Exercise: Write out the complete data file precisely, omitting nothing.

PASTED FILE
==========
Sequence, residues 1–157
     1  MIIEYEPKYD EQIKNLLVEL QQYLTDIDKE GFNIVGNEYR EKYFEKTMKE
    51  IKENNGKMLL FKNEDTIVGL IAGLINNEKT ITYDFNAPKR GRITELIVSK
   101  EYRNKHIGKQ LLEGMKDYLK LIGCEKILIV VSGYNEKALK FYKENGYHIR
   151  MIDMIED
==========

Sequence, residues 1–157
     1  MIIEYEPKYD EQIKNLLVEL QQYLTDIDKE GFNIVGNEYR EKYFEKTMKE
    51  IKENNGKMLL FKNEDTIVGL IAGLINNEKT ITYDFNAPKR GRITELIVSK
   101  EYRNKHIGKQ LLEGMKDYLK LIGCEKILIV VSGYNEKALK FYKENGYHIR
   151  MIDMIED